The next London User Group meeting will be on the 19 October at 18:30 at the Forward offices in Camden, London.
Here are the details for the next London Erlang User Group Meeting:
Date : 19 October 2011
Time : 18:30
Place: Forward's Offices, Camden, London
Everyone is welcome. Come along learn, listen, debate, shape, join in, share experiences, exchange ideas and network. We are lucky to have one of the co-inventors of Erlang, Robert Virding, speaking at this months user group!
A map for the location is here.
Robert Virding recently joined Erlang Solutions Ltd as Principal Language Expert. While at Ericsson AB, Robert Virding was one of the original members of the Ericsson Computer Science Lab, and co-inventor of the Erlang language. He took part in the original system design and contributed much of the original libraries, as well as to the current compiler. While at the lab he also did a lot of work on the implementation of logic and functional languages and on garbage collection. He has also worked as an entrepreneur and was one of the co-founders of one of the first Erlang startups (Bluetail). Robert Virding also worked a number of years at the Swedish Defence Materiel Administration (FMV) Modelling and Simulations Group. He co-authored the first book (Prentice-Hall) on Erlang, and is regularly invited to teach and present throughout the world.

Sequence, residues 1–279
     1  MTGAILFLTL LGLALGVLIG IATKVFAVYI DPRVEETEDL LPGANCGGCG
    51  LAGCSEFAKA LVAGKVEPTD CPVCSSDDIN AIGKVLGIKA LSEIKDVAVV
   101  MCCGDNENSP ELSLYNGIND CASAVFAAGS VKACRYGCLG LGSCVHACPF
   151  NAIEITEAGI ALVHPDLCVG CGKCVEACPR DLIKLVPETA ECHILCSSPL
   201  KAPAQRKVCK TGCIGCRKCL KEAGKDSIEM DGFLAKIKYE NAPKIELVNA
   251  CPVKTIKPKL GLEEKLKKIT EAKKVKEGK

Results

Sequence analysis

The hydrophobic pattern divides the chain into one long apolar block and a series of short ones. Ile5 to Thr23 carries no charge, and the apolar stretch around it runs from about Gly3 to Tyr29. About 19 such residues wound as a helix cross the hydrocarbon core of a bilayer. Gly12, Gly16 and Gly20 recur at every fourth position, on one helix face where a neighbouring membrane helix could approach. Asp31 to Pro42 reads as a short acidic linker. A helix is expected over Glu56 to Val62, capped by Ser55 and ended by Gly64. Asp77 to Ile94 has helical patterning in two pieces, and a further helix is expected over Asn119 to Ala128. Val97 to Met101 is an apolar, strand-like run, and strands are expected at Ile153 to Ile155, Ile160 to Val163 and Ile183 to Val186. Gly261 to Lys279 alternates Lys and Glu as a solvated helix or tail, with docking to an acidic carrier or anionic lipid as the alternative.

"The Design and Implementation of a Scalable Concurrent Virtual Machine"
Mission critical applications such as telecommunications switches Ericson, global scale chat Facebook, high performance message buses Rabbit, and fault tolerant databases Riak must support massive fault tolerant concurrency and distribution. In our experience concurrency at scale requires a purpose designed virtual machine and its GC. In this talk we discuss our experience building the Erlang VMs with a particular focus scalability. We present challenges and solutions for concurrent VMs. We discuss some essential interactions between VM and language design necessary to achieve scalability. We will also briefly comment on our experience extending JVMs to support concurrency."